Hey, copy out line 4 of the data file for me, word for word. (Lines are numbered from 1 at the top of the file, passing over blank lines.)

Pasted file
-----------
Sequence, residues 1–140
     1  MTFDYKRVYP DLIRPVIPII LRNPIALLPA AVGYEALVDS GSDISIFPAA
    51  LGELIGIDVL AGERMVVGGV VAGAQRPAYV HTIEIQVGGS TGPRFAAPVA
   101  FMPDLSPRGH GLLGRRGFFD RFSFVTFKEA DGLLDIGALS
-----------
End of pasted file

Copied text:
   101  FMPDLSPRGH GLLGRRGFFD RFSFVTFKEA DGLLDIGALS